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'Hopefully, this will become a home': Construction to begin on housing-first project in Winnipeg


Construction is set to begin this week on a new housing project in Winnipeg's Centennial neighbourhood to give those experiencing homelessness a safe place to call home.

The project, going up at 390 Ross Avenue, will operate on a housing-first model. The province said this means sobriety will not be a requirement for residents to be able to move in, though there will be supports available for those recovering from addictions.

"When we look at what is going on in our city, there are lots of initiatives going on to support people at risk of homelessness, but I think the one thing we are not doing enough of is building homes," said John Pollard, whose family started Home First Winnipeg, a non-profit charity that will be operating the building.

"Hopefully, this will become a home."

The space will include 47-micro-suite apartments, and will include a commercial kitchen, common dining area, living room, game room and TV area, and an area for Indigenous cultural activities.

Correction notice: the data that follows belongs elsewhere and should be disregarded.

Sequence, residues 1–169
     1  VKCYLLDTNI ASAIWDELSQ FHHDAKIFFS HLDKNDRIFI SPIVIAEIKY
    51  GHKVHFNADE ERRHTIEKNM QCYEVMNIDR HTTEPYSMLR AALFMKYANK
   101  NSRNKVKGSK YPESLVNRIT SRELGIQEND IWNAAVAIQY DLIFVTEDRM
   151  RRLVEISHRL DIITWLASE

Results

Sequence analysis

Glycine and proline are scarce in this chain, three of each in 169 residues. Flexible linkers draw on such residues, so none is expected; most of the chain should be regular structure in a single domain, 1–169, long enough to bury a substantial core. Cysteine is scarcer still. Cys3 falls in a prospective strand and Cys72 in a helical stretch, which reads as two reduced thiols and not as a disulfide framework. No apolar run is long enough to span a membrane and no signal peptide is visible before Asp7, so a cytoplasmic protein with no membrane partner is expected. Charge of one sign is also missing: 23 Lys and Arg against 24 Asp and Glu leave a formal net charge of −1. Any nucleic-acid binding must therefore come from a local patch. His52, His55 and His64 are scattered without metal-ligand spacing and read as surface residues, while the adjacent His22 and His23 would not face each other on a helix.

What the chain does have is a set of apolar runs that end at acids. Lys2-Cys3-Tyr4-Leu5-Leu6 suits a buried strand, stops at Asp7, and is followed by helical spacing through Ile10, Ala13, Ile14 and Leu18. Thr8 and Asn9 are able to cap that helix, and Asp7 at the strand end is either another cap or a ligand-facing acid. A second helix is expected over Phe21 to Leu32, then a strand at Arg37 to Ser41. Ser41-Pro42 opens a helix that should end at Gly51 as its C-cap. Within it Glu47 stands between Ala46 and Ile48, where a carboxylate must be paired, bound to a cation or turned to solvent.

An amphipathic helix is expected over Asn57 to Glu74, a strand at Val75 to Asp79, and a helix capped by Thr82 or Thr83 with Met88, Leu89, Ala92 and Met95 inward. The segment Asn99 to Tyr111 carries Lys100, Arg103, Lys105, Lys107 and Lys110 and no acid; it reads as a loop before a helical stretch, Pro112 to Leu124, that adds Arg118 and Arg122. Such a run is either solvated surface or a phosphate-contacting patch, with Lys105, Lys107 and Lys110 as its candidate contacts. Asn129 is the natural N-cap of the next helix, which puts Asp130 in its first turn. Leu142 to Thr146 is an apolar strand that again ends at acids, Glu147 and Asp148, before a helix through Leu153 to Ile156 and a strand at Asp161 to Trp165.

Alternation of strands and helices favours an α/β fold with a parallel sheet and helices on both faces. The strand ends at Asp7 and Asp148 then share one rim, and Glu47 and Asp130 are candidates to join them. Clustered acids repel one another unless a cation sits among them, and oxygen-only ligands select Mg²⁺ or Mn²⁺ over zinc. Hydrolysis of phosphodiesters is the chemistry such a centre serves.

"This project is really about housing," Pollard said. "Mostly we just want to provide a safe place for people to live."

Manitoba Families Minister Rochelle Squires said she recognizes that housing and homelessness are a serious challenge in the City of Winnipeg and the Province of Manitoba.

"One of the things that we've found is that we can't just provide the keys in all cases and expect the new tenant to be successful in their transition into their new home," she said. "There needs to be a suite of initiatives and wraparound support."

Knowledge Keeper Jaime Grasby held a pipe ceremony at the site Monday and prayed for the safety of the construction crews and people in the area, and for the project.

Grasby said she has been working in the community and has seen the need for this kind of space.

"You don't just magically learn how to live on your own. It takes practice, it takes a few tries sometimes for some people. To have that considered, or to have a support system available within easy reach is very important," she said.

The project was first announced in May, and is expected to cost $8 million. It is scheduled to be completed by the fall of 2022.

The province is chipping in $1.1 million through the Canada-Manitoba Housing Agreement under the National Housing Strategy. The Pollard family is putting in $4.4 million through donations and fundraising. The City of Winnipeg is providing a $100,000 capital grant and another $800,000 is coming from a capital investment through the Shared Health Priorities Bilateral Agreement. Top Stories

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